In this section, Patty and I begin to move students to the core mathematics of the Pizza Crust problem by looking at the relationship between area and perimeter.

After part A where we helped students develop some new academic vocabulary, Patty and I went further into the justification portion of our objective for part B of this problem. Little did we know that going five minutes further into developing this vocabulary would push us later in time with getting to problem three. During the lesson, we privately conferred about what to eliminate and what we wanted to complete in the time remaining. Like all teachers, I get anxious reading through this part--even after all these years. This still happens all the time -- based on students' unanticipated questions, or concepts that require more depth and enrichment, such as vocabulary. Teachers often have to think about how to modify a lesson in a given moment when time is a consideration. In this clip, we were forced to consider what to move to the next day and what to assign instead as homework.

When we finally do go into the justification portion of this problem, we had students calculate the perimeter of a square based on an area of 36 inches. Our posters showed different ways that students had attempted to solve this from the first attempt at the MARS task. We planned it so that there was a progression of ability--it started out with someone believing that the 36 came from perimeter. When we analyzed student work and re-engaged the students with effective and ineffective strategies, this was a common misconception. Then we progressed to a problem where a student thought that the 36 was not the area but the edges--which leads to an answer like 1296. Then we finally got to a problem where students could see that each side was 6, and to get a perimeter, they would have to multiply it by 4. By putting up the strategies one at a time, we could ask the students if they agreed with the strategy and why. Asking students to do the work of analysis was the foundation for this part of the lesson, which is why it's called a re-engagement. Essentially, we are asking students to act as the teacher and learn to analyze students' responses. Ideally, when they learn to do this, they can eventually evaluate their own responses on future math problems and assessments that they encounter.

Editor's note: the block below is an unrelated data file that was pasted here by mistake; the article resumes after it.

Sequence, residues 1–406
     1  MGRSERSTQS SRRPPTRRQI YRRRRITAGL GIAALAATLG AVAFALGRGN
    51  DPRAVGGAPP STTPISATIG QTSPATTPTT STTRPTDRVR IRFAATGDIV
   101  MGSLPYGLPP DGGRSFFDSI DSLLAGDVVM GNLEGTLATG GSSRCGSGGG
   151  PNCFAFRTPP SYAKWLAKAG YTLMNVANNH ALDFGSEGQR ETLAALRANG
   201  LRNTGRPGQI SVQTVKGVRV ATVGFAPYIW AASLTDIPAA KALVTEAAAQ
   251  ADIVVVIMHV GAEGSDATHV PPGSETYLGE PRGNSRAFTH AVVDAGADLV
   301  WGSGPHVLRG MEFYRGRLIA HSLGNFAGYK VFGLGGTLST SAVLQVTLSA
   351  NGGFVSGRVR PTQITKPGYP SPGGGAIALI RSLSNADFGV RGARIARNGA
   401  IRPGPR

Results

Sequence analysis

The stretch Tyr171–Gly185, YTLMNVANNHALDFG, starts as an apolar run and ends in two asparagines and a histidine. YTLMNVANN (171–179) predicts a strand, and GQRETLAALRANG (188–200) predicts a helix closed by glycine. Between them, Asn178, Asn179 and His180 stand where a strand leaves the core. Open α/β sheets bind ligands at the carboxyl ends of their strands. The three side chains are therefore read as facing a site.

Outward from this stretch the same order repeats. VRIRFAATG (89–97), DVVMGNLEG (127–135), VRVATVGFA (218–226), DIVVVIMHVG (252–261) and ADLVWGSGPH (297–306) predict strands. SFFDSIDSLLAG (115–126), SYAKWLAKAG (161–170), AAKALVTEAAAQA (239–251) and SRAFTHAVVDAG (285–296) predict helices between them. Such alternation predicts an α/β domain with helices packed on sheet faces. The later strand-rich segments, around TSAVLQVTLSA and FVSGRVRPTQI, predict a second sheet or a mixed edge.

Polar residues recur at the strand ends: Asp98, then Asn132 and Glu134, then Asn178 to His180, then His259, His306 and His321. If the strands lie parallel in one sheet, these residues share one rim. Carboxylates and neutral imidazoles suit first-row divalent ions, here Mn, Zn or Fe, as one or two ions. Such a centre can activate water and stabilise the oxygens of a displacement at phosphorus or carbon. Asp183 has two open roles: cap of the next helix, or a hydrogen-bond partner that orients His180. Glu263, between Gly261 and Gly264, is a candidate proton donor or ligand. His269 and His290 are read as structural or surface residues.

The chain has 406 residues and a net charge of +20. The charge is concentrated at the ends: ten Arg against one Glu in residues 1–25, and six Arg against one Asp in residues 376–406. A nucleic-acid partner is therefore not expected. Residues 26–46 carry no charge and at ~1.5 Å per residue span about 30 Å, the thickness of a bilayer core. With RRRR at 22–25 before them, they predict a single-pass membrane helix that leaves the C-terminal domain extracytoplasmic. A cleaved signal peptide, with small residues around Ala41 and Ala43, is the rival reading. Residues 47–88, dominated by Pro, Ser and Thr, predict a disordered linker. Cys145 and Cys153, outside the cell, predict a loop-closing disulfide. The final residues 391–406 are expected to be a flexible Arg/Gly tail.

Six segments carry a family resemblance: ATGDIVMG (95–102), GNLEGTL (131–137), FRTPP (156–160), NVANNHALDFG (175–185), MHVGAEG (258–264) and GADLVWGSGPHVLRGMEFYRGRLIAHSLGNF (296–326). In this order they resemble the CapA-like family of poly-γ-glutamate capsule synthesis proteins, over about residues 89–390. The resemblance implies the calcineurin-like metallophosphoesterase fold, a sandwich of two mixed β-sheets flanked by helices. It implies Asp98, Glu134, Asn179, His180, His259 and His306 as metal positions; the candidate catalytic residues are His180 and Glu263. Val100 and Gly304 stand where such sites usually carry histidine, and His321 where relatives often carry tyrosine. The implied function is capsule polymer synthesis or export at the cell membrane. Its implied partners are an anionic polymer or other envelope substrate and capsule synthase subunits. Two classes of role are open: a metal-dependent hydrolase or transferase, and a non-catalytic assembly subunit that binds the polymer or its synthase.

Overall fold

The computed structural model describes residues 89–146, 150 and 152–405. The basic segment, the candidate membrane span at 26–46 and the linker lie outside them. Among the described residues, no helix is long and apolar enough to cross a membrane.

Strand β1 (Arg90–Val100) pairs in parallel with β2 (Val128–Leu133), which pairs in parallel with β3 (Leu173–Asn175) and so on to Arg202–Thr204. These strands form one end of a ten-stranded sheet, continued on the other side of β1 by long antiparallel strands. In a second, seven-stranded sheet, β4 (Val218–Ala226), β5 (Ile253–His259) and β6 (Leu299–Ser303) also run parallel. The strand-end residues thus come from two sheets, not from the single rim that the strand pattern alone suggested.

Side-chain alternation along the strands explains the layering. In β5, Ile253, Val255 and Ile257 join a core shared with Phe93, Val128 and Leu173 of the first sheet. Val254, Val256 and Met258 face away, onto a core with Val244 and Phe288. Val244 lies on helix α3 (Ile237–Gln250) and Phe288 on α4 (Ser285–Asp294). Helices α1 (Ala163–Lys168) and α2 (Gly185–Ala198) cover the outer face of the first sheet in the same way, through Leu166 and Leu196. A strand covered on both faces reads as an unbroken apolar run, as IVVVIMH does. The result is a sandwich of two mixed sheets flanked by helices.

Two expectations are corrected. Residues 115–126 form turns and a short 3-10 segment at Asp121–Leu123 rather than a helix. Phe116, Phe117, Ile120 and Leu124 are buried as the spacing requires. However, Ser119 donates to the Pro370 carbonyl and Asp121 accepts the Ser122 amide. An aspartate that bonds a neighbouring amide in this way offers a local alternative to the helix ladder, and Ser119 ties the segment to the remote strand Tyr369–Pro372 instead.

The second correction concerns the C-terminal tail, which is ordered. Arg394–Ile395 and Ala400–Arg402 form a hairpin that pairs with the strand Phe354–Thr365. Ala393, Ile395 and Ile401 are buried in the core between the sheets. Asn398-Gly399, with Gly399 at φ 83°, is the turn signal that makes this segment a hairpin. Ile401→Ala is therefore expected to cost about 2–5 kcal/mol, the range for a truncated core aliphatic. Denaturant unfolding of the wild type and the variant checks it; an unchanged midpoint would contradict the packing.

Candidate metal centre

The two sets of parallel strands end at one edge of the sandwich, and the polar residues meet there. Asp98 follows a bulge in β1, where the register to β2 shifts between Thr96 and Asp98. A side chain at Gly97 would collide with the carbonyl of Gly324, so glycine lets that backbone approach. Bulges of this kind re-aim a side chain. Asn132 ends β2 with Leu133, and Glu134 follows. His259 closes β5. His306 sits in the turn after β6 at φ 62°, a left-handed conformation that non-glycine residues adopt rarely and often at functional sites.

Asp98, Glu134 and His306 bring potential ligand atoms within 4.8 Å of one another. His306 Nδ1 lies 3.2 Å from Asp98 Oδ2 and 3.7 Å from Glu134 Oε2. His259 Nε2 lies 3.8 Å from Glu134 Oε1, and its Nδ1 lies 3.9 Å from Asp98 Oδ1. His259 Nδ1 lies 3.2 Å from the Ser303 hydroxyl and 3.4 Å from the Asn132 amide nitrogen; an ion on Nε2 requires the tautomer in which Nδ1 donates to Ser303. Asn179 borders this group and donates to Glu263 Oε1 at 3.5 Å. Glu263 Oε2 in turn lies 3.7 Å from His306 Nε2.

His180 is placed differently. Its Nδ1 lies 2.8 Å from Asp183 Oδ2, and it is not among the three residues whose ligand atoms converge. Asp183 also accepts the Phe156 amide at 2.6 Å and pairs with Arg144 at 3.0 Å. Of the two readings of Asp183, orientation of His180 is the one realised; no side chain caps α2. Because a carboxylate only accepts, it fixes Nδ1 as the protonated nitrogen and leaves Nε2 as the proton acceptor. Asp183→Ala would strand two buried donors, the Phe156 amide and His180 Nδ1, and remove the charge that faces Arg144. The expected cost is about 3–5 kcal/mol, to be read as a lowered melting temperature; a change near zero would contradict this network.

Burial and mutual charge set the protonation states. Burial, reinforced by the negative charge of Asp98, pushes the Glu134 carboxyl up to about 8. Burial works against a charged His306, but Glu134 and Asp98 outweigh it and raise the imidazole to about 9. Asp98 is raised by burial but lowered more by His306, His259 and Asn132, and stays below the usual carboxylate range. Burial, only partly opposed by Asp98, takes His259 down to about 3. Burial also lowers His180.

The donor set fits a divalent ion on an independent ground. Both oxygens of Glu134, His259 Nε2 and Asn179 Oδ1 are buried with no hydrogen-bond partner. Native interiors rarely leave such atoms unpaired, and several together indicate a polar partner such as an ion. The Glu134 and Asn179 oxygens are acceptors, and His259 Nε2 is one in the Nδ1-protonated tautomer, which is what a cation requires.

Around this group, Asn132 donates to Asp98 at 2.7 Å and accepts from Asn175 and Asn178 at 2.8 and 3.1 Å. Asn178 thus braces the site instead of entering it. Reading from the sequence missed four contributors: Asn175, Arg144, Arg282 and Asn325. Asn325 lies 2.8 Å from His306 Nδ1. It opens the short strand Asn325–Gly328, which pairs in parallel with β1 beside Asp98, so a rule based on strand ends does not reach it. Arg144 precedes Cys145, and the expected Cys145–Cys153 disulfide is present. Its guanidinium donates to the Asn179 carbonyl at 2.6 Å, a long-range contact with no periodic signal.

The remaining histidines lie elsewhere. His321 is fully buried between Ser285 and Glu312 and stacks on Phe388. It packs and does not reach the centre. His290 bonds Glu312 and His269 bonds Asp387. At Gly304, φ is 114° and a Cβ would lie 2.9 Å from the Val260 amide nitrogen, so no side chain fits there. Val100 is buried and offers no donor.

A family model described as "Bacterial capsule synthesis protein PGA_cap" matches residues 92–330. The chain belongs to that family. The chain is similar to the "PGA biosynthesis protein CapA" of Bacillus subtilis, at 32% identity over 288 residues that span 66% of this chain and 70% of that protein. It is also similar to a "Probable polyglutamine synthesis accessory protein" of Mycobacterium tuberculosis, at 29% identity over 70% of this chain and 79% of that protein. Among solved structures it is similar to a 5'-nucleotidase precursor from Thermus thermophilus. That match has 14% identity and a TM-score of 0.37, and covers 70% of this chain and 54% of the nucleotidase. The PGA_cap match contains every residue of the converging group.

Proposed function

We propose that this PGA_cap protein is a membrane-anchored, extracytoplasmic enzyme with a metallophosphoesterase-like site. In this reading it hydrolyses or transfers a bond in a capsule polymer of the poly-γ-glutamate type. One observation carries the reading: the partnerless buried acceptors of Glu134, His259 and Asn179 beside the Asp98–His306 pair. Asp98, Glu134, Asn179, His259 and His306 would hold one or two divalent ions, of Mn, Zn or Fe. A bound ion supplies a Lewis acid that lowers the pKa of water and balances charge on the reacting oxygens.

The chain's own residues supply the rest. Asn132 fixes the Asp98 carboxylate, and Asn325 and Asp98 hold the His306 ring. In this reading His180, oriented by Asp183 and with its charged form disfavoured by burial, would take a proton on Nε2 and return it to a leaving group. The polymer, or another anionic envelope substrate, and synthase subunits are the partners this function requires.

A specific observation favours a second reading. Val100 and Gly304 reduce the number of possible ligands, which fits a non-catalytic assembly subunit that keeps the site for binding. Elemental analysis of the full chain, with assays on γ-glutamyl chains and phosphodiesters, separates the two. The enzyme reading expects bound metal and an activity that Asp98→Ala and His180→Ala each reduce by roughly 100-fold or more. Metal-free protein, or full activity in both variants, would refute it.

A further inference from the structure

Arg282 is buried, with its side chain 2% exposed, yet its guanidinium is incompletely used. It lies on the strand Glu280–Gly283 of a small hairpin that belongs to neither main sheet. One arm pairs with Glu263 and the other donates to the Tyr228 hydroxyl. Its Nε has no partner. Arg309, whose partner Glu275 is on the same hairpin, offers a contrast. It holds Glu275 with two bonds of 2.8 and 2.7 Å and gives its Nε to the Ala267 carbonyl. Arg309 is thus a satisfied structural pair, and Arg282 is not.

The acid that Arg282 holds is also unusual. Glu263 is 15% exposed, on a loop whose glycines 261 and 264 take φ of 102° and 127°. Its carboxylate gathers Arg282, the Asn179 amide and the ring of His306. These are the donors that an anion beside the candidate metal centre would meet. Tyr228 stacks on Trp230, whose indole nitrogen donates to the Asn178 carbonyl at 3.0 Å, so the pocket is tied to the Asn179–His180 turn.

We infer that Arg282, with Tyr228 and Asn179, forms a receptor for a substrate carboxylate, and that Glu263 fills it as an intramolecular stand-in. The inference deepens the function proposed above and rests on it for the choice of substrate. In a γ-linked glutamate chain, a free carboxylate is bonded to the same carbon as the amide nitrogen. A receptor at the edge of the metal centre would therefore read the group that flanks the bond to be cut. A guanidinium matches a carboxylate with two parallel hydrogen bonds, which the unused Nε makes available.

After part A where we helped students develop some new academic vocabulary, Patty and I went further into the justification portion of our objective for part B of this problem. Little did we know that going five minutes further into developing this vocabulary would push us later in time with getting to problem three. During the lesson, we privately conferred about what to eliminate and what we wanted to complete in the time remaining. Like all teachers, I get anxious reading through this part--even after all these years. This still happens all the time -- based on students' unanticipated questions, or concepts that require more depth and enrichment, such as vocabulary. Teachers often have to think about how to modify a lesson in a given moment when time is a consideration. In this clip, we were forced to consider what to move to the next day and what to assign instead as homework.

When we finally do go into the justification portion of this problem, we had students calculate the perimeter of a square based on an area of 36 inches. Our posters showed different ways that students had attempted to solve this from the first attempt at the MARS task. We planned it so that there was a progression of ability--it started out with someone believing that the 36 came from perimeter. When we analyzed student work and re-engaged the students with effective and ineffective strategies, this was a common misconception. Then we progressed to a problem where a student thought that the 36 was not the area but the edges--which leads to an answer like 1296. Then we finally got to a problem where students could see that each side was 6, and to get a perimeter, they would have to multiply it by 4. By putting up the strategies one at a time, we could ask the students if they agreed with the strategy and why. Asking students to do the work of analysis was the foundation for this part of the lesson, which is why it's called a re-engagement. Essentially, we are asking students to act as the teacher and learn to analyze students' responses. Ideally, when they learn to do this, they can eventually evaluate their own responses on future math problems and assessments that they encounter.